Tag Archives: words

Words Matter Week 2011 challenge: day 5

Words, like moths, are captured by writers who pin them to the page in various forms. What writer’s work most deftly captivates you? Why?

O’Henry. I started reading O’Henry as a young teen. I thought I had a pretty good vocabulary, but he sent me to the dictionary every couple of sentences to look up new words. I fell in love with words, and the love affair continues to this day.

Another favorite writer I read as a teen was Damon Runyon. He wrote about New York, about Broadway, and as a native New Yorker, born and raised in Manhattan, I enjoyed reading about my city. He’s another writer who sent me to the dictionary, or to my father when the dictionary proved inadequate.

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Words matter week 2011 challenge: day 4

Thursday, March 10

Words can be mangled, misused, or misunderstood. What is your funniest example of mangling, misuse, or misunderstanding?

Due to not enough coffee, I can’t think of anything …

But, if you want to mangle, here is a neat site:
http://wordmangle.com/

You can paste in any text and it will mangle it but still, it claims, leave it readable.

Thuardsy, Macrh 10

Wdros can be magelnd, meussid, or modroetnuissd. Waht is yuor fseiunnt explmae of mglnniag, msiuse, or mrsniantiddeunsg?

Due to not enoguh cofefe, I cna’t thnik of annyhitg …

But, if you wnat to mlgnae, hree is a naet stie:
a hef=rtth”p://wnmorgdlae.com/http://wranomdlge.com//a>

You can ptsae in any txet and it wlil mnlgae it but slitl, it camils, levae it rleaabde.

http://www.wordmangle.com

Words Matter Week 2011: day 3

Today’s topic: What is your favorite quote about words? Why?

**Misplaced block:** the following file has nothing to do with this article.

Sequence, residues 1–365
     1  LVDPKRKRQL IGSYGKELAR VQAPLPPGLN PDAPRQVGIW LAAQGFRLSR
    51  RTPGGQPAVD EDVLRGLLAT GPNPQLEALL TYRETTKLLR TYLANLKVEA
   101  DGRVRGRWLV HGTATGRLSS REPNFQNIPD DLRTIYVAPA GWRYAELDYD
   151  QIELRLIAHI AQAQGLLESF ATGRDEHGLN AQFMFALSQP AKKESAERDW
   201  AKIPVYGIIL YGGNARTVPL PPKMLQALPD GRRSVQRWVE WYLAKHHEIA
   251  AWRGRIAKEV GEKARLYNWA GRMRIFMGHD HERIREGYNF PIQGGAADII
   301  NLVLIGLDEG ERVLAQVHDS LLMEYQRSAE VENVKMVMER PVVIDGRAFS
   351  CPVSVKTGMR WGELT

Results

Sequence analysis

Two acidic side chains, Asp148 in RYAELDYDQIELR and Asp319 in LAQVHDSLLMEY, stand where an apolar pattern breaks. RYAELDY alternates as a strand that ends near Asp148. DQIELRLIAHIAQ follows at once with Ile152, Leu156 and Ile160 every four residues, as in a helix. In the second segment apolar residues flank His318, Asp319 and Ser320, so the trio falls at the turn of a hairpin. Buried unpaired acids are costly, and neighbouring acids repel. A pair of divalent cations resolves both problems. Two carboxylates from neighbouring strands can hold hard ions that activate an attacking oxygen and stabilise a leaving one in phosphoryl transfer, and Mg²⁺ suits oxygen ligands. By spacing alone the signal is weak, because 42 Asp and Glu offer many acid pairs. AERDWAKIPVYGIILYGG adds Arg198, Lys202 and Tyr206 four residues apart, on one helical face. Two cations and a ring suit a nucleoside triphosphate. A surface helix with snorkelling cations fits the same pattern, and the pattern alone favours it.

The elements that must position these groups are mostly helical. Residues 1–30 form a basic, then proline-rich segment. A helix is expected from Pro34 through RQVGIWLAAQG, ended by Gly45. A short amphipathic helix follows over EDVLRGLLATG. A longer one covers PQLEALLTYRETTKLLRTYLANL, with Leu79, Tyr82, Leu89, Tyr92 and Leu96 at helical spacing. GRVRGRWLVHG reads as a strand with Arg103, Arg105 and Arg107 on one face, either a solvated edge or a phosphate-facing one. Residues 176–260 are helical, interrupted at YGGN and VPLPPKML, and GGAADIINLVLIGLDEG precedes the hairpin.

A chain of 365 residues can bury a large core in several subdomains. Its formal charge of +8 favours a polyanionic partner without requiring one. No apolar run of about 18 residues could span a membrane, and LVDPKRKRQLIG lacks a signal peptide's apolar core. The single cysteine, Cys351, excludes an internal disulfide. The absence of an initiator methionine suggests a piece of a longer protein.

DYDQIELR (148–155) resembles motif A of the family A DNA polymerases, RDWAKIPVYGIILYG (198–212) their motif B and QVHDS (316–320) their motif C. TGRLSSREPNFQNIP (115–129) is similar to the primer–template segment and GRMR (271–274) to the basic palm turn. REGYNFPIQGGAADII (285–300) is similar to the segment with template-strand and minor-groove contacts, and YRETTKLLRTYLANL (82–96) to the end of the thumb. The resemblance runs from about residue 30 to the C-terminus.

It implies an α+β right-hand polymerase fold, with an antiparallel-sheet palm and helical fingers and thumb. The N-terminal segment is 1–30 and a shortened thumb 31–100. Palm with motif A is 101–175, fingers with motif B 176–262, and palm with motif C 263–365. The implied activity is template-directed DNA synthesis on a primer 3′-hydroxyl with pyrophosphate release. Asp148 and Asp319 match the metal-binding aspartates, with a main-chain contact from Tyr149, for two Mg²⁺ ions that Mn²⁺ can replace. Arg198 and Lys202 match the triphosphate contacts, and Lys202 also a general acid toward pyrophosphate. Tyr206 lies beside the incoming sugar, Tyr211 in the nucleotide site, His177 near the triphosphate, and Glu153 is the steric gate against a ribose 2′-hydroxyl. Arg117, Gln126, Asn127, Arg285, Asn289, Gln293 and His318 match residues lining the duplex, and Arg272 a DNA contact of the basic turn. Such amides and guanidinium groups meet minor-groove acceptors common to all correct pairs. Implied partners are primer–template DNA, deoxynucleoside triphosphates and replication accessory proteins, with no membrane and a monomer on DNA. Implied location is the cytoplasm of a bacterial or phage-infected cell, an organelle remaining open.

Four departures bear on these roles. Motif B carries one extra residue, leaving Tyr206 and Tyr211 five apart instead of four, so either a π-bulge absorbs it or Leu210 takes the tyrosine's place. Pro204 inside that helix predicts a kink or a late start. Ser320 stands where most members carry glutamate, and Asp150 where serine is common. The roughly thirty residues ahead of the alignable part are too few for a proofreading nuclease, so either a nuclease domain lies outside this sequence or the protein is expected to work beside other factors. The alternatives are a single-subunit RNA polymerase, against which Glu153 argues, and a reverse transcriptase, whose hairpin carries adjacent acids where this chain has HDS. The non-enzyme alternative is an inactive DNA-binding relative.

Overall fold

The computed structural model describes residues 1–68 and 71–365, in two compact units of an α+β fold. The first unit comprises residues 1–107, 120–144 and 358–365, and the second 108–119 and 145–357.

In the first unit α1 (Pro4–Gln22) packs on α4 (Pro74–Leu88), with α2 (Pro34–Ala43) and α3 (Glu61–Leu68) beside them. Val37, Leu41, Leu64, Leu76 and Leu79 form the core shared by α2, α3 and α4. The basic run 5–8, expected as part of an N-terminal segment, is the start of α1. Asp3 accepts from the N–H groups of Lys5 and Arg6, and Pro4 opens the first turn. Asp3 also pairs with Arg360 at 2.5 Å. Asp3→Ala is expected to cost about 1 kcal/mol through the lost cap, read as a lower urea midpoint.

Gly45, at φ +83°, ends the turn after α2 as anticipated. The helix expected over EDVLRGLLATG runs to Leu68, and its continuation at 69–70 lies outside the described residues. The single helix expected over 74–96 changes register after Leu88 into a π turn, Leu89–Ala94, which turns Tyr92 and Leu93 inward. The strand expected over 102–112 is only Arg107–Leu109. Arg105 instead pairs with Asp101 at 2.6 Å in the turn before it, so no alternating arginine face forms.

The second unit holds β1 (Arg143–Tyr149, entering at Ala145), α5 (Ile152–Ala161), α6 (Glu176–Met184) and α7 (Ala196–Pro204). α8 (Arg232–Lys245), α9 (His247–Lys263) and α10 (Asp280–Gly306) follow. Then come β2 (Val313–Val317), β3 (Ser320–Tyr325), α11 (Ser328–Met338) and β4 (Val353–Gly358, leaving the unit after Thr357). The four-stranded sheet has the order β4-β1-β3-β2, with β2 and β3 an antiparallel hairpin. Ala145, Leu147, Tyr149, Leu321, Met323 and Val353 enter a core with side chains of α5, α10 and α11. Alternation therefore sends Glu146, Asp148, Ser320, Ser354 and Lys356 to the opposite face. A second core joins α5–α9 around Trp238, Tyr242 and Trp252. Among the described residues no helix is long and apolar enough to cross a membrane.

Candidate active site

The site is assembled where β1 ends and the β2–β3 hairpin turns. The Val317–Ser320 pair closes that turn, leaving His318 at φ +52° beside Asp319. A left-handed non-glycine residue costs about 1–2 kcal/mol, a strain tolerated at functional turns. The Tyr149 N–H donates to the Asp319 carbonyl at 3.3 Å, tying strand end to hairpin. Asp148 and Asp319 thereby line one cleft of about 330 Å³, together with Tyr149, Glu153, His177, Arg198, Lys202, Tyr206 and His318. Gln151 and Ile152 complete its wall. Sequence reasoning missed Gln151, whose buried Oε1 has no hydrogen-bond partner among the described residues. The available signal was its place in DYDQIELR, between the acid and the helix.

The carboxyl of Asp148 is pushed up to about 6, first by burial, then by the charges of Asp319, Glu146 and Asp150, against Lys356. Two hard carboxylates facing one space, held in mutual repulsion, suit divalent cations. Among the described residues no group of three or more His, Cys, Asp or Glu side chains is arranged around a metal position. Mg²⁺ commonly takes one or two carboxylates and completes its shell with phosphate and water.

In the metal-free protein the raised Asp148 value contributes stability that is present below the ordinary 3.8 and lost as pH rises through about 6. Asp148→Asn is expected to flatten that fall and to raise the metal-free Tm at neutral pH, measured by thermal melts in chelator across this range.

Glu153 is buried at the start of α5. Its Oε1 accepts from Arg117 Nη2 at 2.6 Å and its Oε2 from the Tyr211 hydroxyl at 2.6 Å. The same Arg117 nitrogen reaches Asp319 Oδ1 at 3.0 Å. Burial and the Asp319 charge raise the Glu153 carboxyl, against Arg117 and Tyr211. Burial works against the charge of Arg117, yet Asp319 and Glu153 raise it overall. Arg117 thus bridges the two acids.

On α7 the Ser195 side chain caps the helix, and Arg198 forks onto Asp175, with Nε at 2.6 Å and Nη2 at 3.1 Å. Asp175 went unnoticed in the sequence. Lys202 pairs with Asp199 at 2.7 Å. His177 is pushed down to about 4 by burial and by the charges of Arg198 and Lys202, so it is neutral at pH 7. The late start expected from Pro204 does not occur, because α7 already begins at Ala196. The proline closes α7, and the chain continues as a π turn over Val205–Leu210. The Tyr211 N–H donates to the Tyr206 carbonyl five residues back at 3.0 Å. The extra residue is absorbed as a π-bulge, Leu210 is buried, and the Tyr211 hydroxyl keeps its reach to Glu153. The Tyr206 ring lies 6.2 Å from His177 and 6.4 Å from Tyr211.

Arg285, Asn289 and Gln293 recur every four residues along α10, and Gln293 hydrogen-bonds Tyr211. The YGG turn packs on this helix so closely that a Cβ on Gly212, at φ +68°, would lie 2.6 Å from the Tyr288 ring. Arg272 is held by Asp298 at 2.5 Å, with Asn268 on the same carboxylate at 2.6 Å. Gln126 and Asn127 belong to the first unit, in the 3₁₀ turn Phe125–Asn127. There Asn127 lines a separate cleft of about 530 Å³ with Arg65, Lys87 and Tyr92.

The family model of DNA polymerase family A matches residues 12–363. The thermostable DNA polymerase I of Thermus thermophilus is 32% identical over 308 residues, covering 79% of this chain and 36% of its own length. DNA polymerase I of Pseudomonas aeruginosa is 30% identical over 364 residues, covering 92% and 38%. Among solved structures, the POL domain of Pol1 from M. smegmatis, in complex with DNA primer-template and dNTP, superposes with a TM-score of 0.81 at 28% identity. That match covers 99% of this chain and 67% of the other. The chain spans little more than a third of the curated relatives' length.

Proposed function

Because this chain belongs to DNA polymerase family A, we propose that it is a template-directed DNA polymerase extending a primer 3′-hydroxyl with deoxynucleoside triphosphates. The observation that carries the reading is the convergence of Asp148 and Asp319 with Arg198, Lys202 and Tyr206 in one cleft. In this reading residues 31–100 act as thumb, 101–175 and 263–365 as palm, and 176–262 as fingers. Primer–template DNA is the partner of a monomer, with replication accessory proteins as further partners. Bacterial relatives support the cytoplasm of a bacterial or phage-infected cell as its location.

Here’s one:

Substitute “damn” every time you’re inclined to write “very;” your editor will delete it and the writing will be just as it should be. ~Mark Twain

And here’s my fave:
The difference between the right word and the almost right word is the difference between lightning and a lightning bug. ~Mark Twain

Because it’s so, so true. The thesaurus is your friend. Visit it often.

Words matter 2011 challenge -day 2

Words can change history. What speech or document do you believe to be most important. Why?

Note: I speak only for myself, as an American. No judgement implied on important speeches and documents of other cultures. But while I can’t say for sure that any particular speech or document had the most/greatest/whatever impact on the world, I can and do (see below) pick my own “greatest”:

My favorite document: The Bible, King James Version.
I can’t read the original, and yes, I realize that this is an interpretation as much as a translation, but I grew up with this version, and I’m moved by the poetry of the language. It’s beautiful.

Personal favorite speech:
Martin Luther King’s “I had a dream” speech, not only for the sentiment expressed, but for the power of the words themselves. Interestingly, some of my favorite parts of the speech were improvised.

Check out the Wikipedia article for more information about the speech.
I had a dream

Words Matter 2011 challenge — day 1

Is there a word that has changed, or could change your life? What is it, and what difference would it make?

When i thought about this, somehow I focused on finding a word, or learning about a word, that changed my life. Why this and not the event behind the word: “We’ve accepted your manuscript,” “It’s a boy,” “We’e getting married,” ‘You’re laid off,” or whatever?

I’ve been fascinated with words as far back as I can remember,so it’s hard to pick just one. But I will. it’s “rambunctious,” and I pick it because of my sister and my nephew.

My sister Michele lives in Mahnattan. As my sister tells it. she, a friend of hers and their two kids , both about two, were in a car going someplace. The two adults were in the front seat, the two kids strapped into the back. Both David and the other child were making a ruckus (another good word). My sister turned and glared at them. David stopped, considered for a moment, then said, “Rambunctious.” Where a two year old learned the word I’ll never know.

Here’s another word: “Dammit.” This one is for my son Colin. It was summer, and I was pregnant with my third son. I was pregnant enough that I couldn’t see my feet. Colin was around two (great age for kids words), and I had him on my hip, carrying him up from the beach when I tripped over a root. Colin looked down, considered for a moment, then said, “Dammit.” Unfortunately, I knew exactly where a two year old had learned a word like that

So those are my words for today: Rambunctious, and Dammit.